A stranger approaches you and asks for a referral to a restaurant in your town. How would you respond?
With this engaging question, Roger Pielke, an environmental studies professor at the University of Colorado at Boulder, opens his book concerning four idealized ways that science and environmental policy interact.
It would probably surprise the stranger if you handed him or her a copy of the latest food guide, but as Pielke describes, this is precisely what someone playing the first of the four roles, that of a “pure scientist,” would do. Alternatively, you may respond to specific questions asked by the stranger, adopting the second role of “science arbiter,” as played by advisory committees and scientific experts who provide input into environmental decision making.
Rather than play either of these roles, you could advocate for a particular restaurant, perhaps because it’s your favorite, much as some scientists invoke their authority as “issue advocates” for certain environmental policies. This is Pielke’s third type of interaction. On the other hand, you could provide information about numerous restaurants, along with your view of their strengths and weaknesses, thereby acting in the fourth and final role – “the honest broker of policy alternatives.” The stranger could then make an informed choice on his or her own, much as environmental policy makers might rely on honest brokers to present all the likely outcomes of various courses of action before choosing one to follow. Although Pielke acts as an honest broker himself, describing a time and place for each of these four types, he favours the last role. It allows scientists to expand policy options (rather than constrict them as an issue advocate would do), by showing the range of possibilities consistent with scientific knowledge and its uncertainties.
Why is this discussion important to readers of Alternatives? Scientific knowledge clearly has a role to play in environmental decision making, but there is extensive debate about the ways in which scientists can best fulfill this role and whether they compromise their objectivity if they venture too far into the realm of advocacy. The Honest Broker provides a clear introduction to such issues, and while it targets scientists themselves, it is also an essential text for anyone who wishes to understand how science can be best used to develop policy. It is an easy read, peppered with entertaining and illustrative vignettes that range from the decision-making process of a Russian pilot just before he crashed a plane in Germany and the pre-emptive decision to go to war in Iraq, to the debate over Bjørn Lomborg’s book, The Skeptical Environmentalist.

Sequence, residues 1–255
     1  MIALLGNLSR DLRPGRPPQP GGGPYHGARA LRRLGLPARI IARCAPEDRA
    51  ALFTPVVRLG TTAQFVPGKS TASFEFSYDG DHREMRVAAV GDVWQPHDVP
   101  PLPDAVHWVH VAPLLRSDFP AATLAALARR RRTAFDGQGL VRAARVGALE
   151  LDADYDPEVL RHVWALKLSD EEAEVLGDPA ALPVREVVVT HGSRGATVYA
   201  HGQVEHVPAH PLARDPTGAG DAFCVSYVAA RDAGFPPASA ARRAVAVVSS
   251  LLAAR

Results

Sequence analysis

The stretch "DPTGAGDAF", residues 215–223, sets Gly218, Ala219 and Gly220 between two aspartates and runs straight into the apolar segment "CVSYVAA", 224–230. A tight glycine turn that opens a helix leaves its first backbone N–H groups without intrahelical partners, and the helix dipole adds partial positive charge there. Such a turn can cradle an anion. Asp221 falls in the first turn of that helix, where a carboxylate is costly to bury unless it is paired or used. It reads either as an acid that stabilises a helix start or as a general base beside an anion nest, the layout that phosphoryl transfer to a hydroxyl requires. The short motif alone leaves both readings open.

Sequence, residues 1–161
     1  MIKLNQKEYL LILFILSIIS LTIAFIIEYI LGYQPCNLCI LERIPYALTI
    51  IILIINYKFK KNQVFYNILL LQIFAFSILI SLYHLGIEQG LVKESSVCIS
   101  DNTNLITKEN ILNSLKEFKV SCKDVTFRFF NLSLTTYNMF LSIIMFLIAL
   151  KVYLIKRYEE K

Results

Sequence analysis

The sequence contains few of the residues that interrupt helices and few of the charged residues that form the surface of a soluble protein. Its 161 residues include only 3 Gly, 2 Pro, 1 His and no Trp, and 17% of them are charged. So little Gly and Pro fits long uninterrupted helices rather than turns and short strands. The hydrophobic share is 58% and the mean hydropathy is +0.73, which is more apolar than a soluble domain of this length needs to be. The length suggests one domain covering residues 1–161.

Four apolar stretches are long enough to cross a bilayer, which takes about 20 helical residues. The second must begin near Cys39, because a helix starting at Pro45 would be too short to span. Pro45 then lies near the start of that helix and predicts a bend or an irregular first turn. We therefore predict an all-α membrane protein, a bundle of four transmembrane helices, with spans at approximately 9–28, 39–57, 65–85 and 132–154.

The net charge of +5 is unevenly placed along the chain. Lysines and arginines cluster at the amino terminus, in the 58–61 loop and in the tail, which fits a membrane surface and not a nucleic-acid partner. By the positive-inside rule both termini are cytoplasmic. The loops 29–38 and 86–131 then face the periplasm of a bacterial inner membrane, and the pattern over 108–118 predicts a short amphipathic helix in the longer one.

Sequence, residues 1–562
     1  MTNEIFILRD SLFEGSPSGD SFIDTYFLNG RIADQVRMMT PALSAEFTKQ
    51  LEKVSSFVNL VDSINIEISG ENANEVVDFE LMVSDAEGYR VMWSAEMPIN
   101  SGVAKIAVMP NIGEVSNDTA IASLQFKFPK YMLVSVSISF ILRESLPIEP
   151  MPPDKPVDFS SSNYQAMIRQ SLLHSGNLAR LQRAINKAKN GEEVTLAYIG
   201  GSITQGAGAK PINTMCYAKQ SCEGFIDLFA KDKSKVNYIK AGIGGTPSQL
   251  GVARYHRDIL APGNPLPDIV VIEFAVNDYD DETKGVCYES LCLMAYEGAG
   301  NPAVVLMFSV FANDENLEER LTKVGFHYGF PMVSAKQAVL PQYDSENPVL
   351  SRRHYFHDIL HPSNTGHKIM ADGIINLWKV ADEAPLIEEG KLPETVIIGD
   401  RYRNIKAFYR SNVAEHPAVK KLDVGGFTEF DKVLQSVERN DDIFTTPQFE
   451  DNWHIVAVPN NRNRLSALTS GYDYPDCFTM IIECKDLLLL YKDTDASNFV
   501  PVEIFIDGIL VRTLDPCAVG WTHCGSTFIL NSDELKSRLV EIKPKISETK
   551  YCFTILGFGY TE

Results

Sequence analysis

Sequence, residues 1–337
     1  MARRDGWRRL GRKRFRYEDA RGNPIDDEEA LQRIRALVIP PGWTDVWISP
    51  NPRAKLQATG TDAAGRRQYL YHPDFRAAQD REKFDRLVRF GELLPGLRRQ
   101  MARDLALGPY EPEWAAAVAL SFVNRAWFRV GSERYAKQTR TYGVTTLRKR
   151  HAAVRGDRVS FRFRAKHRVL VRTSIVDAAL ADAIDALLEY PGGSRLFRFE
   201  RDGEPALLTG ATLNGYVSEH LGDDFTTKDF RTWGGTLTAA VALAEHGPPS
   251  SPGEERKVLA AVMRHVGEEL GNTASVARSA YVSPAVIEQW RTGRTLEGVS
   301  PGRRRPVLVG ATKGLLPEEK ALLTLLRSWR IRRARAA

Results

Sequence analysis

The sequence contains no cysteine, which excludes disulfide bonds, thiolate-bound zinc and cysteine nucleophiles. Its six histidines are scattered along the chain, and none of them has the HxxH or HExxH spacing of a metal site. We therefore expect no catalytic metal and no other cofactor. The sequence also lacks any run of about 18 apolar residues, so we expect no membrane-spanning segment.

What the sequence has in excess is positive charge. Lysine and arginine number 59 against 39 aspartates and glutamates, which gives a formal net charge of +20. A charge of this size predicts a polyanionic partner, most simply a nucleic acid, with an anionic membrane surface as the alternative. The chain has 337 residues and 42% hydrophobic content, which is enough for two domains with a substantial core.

Along the way, Pielke continually makes a distinction between policy, which he defines as a decision about what to do, and politics, which, he says, is the bargaining and negotiation needed to put that policy in place. For those who enjoy a good tongue-twister, tangles of politicizing science and scientizing politics should keep you occupied.
Pielke specifically argues that the appropriate role for science in policy development depends on context. When there is widespread public agreement and low scientific uncertainty concerning a potential decision, scientists can provide input as pure scientists or as arbiters. He dubs this “tornado politics,” the process by which a group of people relies upon information to resolve a common threat (such as an incoming tornado). Many scientists feel comfortable in this role, as it meshes with entrenched dichotomies between facts and values, science and society. Pielke, however, reviews extensive scholarly literature that demonstrates the limits of such an approach to decision making.
For most environmental issues, we need to weigh multiple alternatives, and there is tremendous uncertainty about potential outcomes and the means to reach them. In such instances, which Pielke refers to as “abortion politics,” echoing the value-laden debate about abortion policy, no amount of scientific information can lead to a decision or compel action. It is thus inadequate for scientists to simply produce information and harbour a faith that it will have downstream benefits in the policy realm. When they do, they tend to practice what Pielke terms “stealth issue advocacy,” the presentation of personal opinions in the guise of scientific neutrality, to the detriment of both science’s reputation and the production of effective policies. In many instances, such as that of climate change policy, one corollary of this invisible advocacy is that political battles are waged in terms of supportive – though cherry-picked – scientific results. Accordingly, we need honest brokerage, though The Honest Broker comes up short in explaining how this might occur.
Sound environmental decision making requires scientific expertise. But we also need to understand the potential roles and limitations of this knowledge. Like a well-written travel guide for a labyrinthine city, The Honest Broker is a good place to begin.
Brendon Larson, an assistant professor in the Department of Environment and Resource Studies at the University of Waterloo, is currently writing a book on the metaphoric interweaving of environmental science and society.